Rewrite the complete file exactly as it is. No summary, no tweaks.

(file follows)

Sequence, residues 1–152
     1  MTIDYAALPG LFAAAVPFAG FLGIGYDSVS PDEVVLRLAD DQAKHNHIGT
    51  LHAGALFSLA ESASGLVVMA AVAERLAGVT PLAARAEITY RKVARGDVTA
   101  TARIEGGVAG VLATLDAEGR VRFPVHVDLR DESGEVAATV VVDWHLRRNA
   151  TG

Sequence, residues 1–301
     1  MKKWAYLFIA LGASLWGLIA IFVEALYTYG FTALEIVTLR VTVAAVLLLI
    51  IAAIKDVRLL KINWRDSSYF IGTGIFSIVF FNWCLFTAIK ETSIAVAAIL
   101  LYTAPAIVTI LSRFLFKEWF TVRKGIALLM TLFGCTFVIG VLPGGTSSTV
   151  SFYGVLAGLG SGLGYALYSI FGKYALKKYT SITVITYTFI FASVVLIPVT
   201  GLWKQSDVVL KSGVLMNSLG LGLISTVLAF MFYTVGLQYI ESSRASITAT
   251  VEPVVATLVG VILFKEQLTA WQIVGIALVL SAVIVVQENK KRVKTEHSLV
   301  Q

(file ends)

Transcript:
Sequence, residues 1–152
     1  MTIDYAALPG LFAAAVPFAG FLGIGYDSVS PDEVVLRLAD DQAKHNHIGT
    51  LHAGALFSLA ESASGLVVMA AVAERLAGVT PLAARAEITY RKVARGDVTA
   101  TARIEGGVAG VLATLDAEGR VRFPVHVDLR DESGEVAATV VVDWHLRRNA
   151  TG

Sequence, residues 1–301
     1  MKKWAYLFIA LGASLWGLIA IFVEALYTYG FTALEIVTLR VTVAAVLLLI
    51  IAAIKDVRLL KINWRDSSYF IGTGIFSIVF FNWCLFTAIK ETSIAVAAIL
   101  LYTAPAIVTI LSRFLFKEWF TVRKGIALLM TLFGCTFVIG VLPGGTSSTV
   151  SFYGVLAGLG SGLGYALYSI FGKYALKKYT SITVITYTFI FASVVLIPVT
   201  GLWKQSDVVL KSGVLMNSLG LGLISTVLAF MFYTVGLQYI ESSRASITAT
   251  VEPVVATLVG VILFKEQLTA WQIVGIALVL SAVIVVQENK KRVKTEHSLV
   301  Q